Stopping Unhealthy Relationships and Codependence

If you’re reading this, chances are you’ve been, or are currently in an unhealthy relationship. Of course no one gets into one of these situations on purpose. You start out with the best of intentions and at first everything seems perfect. As you coast through the honeymoon phase that feels like it will never end, you begin to believe that you’re one of the lucky few who has found your soul mate, the love of your life.

What went wrong?

Of course, as you know, this doesn’t last. As the afterglow of the honeymoon phase begins to wane, you suddenly begin to bicker over tiny things. These occurrences are so minor and easily brushed away that you barely pay them any mind. You may laugh with your significant other, “we love each other, let’s never fight about something so silly again”. But it happens again – and again. The arguments get more intense and you start to feel more and more frustrated, more desperate. ‘Why is this happening? We love each other.’ You focus more and more of your energy on her, on the relationship, but things still continue to get worse.

Then the blame game starts. Maybe she blames you: “why aren’t you more of a man?”, “you’re not giving me what I need”. Maybe you blame yourself: “why can’t I fix this?”, “how am I failing in this relationship?”, “why can’t I be better for the woman I love?”. You cling to the promise of the love you once had, the dreams of the future that seemed so beautiful, but on the inside the resentment and pain grow. Maybe you try to silence those feelings with drugs, alcohol, infidelity – whatever your self medication of choice happens to be.

Finally, when neither of you can take anymore, you end the relationship and you’re at rock bottom. You spent everything you had to make the most important thing in your life work and you failed. You didn’t just fail, it couldn’t have possibly gone any worse. How are you supposed to have any confidence in yourself after that?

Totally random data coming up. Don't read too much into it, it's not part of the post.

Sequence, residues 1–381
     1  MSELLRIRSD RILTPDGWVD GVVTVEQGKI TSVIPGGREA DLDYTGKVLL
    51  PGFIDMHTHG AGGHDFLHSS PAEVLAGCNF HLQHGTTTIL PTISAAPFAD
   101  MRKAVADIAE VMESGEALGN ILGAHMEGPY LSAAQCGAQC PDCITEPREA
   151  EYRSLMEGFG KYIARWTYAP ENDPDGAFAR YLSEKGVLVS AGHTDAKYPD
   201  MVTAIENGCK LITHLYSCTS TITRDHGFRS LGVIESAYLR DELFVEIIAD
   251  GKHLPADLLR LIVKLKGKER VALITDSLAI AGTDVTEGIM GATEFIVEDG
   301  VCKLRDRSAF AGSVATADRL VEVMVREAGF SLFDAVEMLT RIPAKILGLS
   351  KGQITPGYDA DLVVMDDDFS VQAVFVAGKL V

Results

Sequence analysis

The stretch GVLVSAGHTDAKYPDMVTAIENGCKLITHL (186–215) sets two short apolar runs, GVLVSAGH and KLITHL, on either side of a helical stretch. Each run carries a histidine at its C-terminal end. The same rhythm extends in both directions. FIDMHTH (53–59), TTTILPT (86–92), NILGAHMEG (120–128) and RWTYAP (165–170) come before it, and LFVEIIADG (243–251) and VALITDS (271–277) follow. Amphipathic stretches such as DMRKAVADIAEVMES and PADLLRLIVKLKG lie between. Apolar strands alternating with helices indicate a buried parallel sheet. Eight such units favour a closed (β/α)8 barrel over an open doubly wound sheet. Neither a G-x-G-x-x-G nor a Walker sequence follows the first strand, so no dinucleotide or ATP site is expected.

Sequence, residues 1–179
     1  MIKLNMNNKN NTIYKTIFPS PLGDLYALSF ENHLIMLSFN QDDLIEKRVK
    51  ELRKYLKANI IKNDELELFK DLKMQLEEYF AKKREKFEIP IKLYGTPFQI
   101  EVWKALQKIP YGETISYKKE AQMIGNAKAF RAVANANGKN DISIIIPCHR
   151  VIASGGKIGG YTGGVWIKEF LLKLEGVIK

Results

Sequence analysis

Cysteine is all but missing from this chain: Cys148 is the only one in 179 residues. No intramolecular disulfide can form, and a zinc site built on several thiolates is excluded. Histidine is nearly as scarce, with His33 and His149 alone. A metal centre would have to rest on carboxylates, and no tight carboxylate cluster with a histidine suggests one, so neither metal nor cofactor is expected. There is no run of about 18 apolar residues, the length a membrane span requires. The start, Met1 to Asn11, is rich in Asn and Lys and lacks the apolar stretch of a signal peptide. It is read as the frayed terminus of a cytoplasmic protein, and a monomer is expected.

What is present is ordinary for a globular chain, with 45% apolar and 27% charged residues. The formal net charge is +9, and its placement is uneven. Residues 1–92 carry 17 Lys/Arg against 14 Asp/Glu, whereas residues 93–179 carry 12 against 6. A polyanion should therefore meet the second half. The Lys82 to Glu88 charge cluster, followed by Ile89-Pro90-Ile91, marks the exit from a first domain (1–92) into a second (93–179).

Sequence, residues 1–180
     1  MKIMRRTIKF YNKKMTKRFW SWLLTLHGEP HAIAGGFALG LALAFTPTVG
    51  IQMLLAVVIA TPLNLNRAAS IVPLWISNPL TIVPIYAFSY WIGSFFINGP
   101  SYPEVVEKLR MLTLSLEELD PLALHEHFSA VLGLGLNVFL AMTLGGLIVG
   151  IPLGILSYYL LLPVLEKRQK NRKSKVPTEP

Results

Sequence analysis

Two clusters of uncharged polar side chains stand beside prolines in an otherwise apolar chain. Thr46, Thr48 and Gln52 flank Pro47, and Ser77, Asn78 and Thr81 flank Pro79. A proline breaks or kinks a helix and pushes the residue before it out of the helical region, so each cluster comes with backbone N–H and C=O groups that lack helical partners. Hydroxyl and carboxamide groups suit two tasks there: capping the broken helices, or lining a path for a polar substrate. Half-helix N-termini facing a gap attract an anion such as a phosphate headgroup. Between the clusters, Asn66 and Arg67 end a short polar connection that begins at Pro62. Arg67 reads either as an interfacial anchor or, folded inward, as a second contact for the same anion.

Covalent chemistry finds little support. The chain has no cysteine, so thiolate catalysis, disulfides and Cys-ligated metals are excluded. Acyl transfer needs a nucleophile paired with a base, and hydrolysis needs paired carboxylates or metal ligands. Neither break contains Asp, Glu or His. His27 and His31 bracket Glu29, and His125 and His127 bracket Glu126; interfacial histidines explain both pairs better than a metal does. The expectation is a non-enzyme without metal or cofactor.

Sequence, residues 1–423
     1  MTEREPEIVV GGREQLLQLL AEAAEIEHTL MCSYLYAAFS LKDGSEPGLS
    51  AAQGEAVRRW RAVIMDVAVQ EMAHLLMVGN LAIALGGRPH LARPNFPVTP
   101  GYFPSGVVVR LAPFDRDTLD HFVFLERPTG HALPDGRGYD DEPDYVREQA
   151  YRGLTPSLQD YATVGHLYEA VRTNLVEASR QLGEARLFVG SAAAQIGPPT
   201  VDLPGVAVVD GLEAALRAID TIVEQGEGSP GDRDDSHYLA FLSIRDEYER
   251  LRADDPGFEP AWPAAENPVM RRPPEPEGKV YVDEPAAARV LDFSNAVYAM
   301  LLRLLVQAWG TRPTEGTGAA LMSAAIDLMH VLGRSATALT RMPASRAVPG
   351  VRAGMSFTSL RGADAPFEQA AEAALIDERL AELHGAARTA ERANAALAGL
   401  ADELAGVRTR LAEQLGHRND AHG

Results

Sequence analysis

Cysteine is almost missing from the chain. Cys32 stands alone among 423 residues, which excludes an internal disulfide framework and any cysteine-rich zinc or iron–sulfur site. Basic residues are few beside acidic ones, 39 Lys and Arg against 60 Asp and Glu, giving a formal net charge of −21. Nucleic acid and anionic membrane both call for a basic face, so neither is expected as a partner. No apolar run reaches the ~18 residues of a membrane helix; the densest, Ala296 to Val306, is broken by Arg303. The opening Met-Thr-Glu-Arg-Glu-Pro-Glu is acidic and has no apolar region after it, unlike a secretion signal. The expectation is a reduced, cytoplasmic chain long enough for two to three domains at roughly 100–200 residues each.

Sometimes it happens once, but often it becomes a pattern. You work hard to pick yourself up from the bottom you were wallowing in, find someone who’s ‘totally different’ from the last one, and tell yourself that this time will be different. When it happens again the pain is even worse. “What’s wrong with me?”, “Am I cursed?”, “Am I just never meant to be happy?”. Some people refer to this pattern, this disease, as codependence.

If it sounds like I can relate it’s because I can – I know exactly what you’re going through. The good news is that through my own desperate attempts to cure myself over many years I’ve found the solution.

About two months ago I wrote this article on the four aspects of a ‘complete’ man, a complete human being. The point was that if any of the four areas of your life that I highlighted – Physical, Social, Professional, or Spiritual – fell out of balance or became atrophied, every other aspect of your life would suffer and the emptiness inside you would grow.

The thing that I discovered about myself, and anyone who fell into this pattern of unhealthy relationships was that once we’ve found the ‘love of our life’ at least one of those four aspects always suffered.

The most common aspect to slip in these situations is the social. As you spend more and more time with this one person you begin to spend less and less time nurturing and developing the rest of your social circle. Friends become more distant, you feel more isolated, and your significant other becomes the majority of your social life. It’s no wonder that you feel so empty when you part ways and your entire social life is taken away.

The next most common is probably physical health. Maybe you were consciously or subconsciously getting yourself into great shape so that you’d have a better chance of finding that love. Once you do though, you no longer have that incentive so you begin to ‘let yourself go’. Your self-respect goes down and your need for external validation rises. Then, when your main source for validation gets removed, you’ve got another reason why you’re at your ‘bottom’.